Understanding the fact that God is sovereignly governing His creation is the only true ground for hope. The only hope of the humanist is progressivism, but progressivism is irrational because it is contrary to the testimony of history. Conversely, the testimony of Scripture heralds the faithfulness of God and the obvious comfort provided by His sovereignty. True peace results in the divinely bequeathed comprehension that God is in control of everything and will work all things together for good to them that love Him and are the called according to His purpose.

Read more »

Friday, July 2, 2010

Things I learned at the 2010 SBC Annual Meeting

Who deserves to hear the Gospel?

A disturbing trend in some very influential circles in our convention is the attitude that no one deserves to hear the Gospel twice while there are those who have yet to hear it once. That might sound good. It is certainly emotionally moving and motivating. That mantra is being used to stir people’s hearts for the nations. But at what cost?

Jesus charged us with reaching the nations. Since our inception, Southern Baptists have always been passionate about joining together to reach the nations for Christ—it’s in our DNA. But we have also always been passionate about joining together to reach our Jerusalem, Judea and Samaria for Christ. I have never seen an area that we can afford to neglect with the Gospel. Have most of our resources as Southern Baptists been concentrated in the American Southeast? Yes. Is that area so evangelized that we can now pull out and martial our resources in another area? No.

During the period of time commonly referred to as the First Great Awakening, there was no place that was more evangelized than what is now the American Northeast. In the subsequent years, evangelism efforts focused almost exclusively outside of that area. The thought was, everybody has already heard and responded to the Gospel in that area—now it’s time to move on to those who have not been evangelized. Within a generation, the area which had been so fervently on-fire for Christ was now what historians call, “The Burned-over District”. The decline continued to the point that the American Northeast is now one of the most secular regions of the Western World.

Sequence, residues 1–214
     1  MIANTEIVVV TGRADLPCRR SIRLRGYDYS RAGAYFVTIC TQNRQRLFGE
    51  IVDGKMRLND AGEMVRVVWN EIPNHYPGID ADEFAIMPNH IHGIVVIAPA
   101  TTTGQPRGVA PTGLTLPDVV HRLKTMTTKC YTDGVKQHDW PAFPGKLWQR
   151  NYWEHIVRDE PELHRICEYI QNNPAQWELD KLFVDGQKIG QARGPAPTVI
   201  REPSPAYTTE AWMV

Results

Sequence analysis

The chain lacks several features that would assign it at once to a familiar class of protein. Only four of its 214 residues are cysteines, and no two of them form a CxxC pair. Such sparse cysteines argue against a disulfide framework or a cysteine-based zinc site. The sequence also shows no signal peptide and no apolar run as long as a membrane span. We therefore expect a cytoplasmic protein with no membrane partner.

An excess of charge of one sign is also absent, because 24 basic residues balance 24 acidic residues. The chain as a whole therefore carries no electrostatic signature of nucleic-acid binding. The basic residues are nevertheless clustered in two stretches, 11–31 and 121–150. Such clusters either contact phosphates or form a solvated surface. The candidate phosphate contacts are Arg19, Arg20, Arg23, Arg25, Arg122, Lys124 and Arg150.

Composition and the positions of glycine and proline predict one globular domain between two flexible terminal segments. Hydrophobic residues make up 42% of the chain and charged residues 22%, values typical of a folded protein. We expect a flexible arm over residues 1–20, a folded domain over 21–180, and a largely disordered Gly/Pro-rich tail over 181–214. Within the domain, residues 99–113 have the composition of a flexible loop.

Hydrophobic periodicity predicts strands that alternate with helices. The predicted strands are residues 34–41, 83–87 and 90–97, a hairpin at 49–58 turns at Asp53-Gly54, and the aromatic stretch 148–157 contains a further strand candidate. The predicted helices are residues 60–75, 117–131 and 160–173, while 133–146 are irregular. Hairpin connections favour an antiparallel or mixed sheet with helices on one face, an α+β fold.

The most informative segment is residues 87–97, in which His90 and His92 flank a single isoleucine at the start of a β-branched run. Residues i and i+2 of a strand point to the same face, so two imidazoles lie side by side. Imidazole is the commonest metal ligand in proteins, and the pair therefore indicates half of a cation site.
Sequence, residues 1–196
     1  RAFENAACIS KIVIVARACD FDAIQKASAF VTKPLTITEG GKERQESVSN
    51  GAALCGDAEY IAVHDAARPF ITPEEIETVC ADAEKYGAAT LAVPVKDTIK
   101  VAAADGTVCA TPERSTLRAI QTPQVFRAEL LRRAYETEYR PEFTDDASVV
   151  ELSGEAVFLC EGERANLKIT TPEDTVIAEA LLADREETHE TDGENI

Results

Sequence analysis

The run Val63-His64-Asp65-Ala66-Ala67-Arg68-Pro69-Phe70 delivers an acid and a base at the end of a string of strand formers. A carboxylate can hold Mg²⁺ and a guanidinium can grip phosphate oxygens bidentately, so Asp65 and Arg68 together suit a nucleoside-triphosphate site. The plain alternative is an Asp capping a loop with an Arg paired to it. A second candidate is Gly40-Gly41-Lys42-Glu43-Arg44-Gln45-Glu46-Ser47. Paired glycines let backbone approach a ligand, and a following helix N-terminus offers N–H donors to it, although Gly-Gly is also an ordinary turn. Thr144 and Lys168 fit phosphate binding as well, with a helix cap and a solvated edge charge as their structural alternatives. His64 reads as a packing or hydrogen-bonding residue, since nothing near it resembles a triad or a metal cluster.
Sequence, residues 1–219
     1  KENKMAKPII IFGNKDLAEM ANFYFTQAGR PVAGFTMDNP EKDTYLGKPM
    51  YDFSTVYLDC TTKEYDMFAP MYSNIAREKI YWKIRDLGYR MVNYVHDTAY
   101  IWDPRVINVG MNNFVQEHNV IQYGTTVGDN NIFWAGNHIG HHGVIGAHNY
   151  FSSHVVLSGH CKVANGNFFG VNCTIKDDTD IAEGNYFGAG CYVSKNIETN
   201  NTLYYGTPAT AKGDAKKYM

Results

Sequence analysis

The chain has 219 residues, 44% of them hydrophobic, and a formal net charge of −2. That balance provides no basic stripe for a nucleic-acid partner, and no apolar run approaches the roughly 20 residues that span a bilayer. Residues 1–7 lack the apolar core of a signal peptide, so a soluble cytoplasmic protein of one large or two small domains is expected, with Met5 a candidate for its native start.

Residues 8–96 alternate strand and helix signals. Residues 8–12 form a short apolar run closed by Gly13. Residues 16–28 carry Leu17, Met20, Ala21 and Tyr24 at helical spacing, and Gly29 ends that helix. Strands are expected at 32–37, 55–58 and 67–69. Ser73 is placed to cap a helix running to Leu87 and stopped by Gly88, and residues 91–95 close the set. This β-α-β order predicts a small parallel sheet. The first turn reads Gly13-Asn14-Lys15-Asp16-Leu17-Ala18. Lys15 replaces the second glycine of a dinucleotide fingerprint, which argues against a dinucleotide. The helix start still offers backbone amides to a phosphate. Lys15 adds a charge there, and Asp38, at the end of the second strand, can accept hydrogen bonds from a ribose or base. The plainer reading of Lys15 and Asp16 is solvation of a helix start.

I am not arguing against our emphasis on getting the Gospel to unreached people groups. I applaud this emphasis. But Jesus has not called us to an either/or mentality. He has called us to be witnesses everywhere at all times. That includes those who have never heard the Gospel as well as those who have heard and rejected it 1,000 times. Remember that God still sent Isaiah to preach to Israel—even though He told him that they would continually reject his message. The entire history of God’s relationship with Israel is one of them rejecting Him, but God continually sending His prophets to them. I thank God that He has never had the attitude that, “No one has the right to hear the Gospel twice as long as there are those who have never heard it once.” God has never had that attitude and neither should we.

Read more »

Thursday, July 1, 2010

God's Gift, Given this Day

On this day a few years ago (I won’t say how many), God blessed our world with one of His greatest masterpieces.

He made her beautiful
It goes beyond the physical beauty that all can see. She has a beautiful spirit that is evident in the way she cares for me, our family and our church.

He made her tender
She has the softness of skin and tenderness of heart that can only be forged in the fire of motherhood, then tempered with the trials of first being a military wife, then a pastor’s wife.

He made her wise